Originally published by The Rivard Report
UPDATED JANUARY 19, 2018
The Historic and Design Review Commission granted conceptual approval Wednesday for rooftop additions to the Aztec Theatre. Preliminary renderings show a glass structure with a sculptural canopy and terrace on top of the
San Antonio developer Samuel Panchevre plans to convert the empty office space above the 1926 theater into a 55-room boutique hotel. Panchevre envisioned adding a terrace, and possibly a restaurant, on the roof of the building, he told the Rivard Report in September.
Overland Partners designed the additions, and Timothy Blonkvist, the firm’s founding principal architect, delivered the presentation to commissioners.
“It looks like a very simple glass addition to the top, and when you get in and you go up to the roof, then there will be something there that is very memorable and very unexpected,” Blonkvist said. “Not something you’re really seeing from the ground.”
Blonkvist said inspiration for the design came from visiting the Louis Vuitton Foundation Building in Paris, which was designed by Los Angeles-based architect Frank Gehry.
“We need to do something special up there,” Blonkvist said. “Something other than just another flat rooftop trellis in San Antonio.”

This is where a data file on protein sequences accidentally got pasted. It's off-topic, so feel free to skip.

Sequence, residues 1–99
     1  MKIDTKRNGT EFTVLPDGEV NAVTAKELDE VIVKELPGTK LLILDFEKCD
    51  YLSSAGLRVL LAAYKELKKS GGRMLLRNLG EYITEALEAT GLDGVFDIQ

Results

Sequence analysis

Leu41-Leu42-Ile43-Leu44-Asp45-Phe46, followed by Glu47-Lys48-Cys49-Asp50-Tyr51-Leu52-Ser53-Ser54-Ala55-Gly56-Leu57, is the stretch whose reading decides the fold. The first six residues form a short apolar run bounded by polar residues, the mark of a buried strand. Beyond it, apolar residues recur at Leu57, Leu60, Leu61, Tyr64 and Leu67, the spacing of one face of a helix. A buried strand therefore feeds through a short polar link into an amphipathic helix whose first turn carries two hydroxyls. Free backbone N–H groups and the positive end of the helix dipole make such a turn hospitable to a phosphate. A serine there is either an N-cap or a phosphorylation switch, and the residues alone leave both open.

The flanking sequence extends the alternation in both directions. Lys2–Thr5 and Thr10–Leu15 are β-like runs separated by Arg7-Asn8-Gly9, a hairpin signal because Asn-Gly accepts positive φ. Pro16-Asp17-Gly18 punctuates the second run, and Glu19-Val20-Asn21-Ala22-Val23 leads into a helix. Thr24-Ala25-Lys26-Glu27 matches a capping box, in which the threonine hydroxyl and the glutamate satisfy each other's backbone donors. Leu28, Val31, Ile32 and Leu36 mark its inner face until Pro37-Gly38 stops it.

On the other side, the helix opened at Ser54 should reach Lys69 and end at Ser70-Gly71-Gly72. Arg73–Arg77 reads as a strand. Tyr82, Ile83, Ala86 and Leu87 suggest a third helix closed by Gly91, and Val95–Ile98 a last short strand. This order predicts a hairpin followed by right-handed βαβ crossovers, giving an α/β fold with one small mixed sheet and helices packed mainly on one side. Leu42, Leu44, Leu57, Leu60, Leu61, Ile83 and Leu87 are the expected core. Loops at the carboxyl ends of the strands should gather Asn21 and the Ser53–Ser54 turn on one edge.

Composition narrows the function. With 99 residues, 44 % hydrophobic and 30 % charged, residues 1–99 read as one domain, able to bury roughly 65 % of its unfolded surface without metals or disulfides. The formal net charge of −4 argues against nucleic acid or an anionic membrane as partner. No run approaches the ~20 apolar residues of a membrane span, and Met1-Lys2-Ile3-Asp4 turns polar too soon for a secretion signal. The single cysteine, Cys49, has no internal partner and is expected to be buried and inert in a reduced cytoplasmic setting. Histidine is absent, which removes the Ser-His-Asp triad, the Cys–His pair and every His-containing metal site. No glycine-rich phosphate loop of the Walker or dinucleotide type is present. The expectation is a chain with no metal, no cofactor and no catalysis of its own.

Along with the additions to the rooftop, another terrace that will be connected to the north facade of the building and constructed over West Crockett Street will give visitors an overview of the San Antonio River. A staircase will replace a fire escape currently on the north side of the building and connect viewers to both the terrace overlook and the rooftop.
“It’s a real nice break from the historic building,” said Commissioner Michael Connor. “Something that’s very contemporary … theatrical.”
In other action, HDRC also recommended giving historic designation status to the proposed Westfort Historic District. The neighborhood located in City Council District 2 includes around 60 parcels that are surrounded on three sides by Fort Sam Houston.
The two-street neighborhood features homes and apartments designed in a variety of styles, including Tudor, Prairie, Craftsman, Spanish Eclectic, Folk Victorian, post-war mid-century apartments and neoclassical homes, according to documents presented to Commissioners. It was platted in 1909.
Eight residents in the the neighborhood voiced support for the designation. The recommendation goes next to the Zoning Commission and City Council, which will decide whether to grant historic designation status.
The original story can be found here.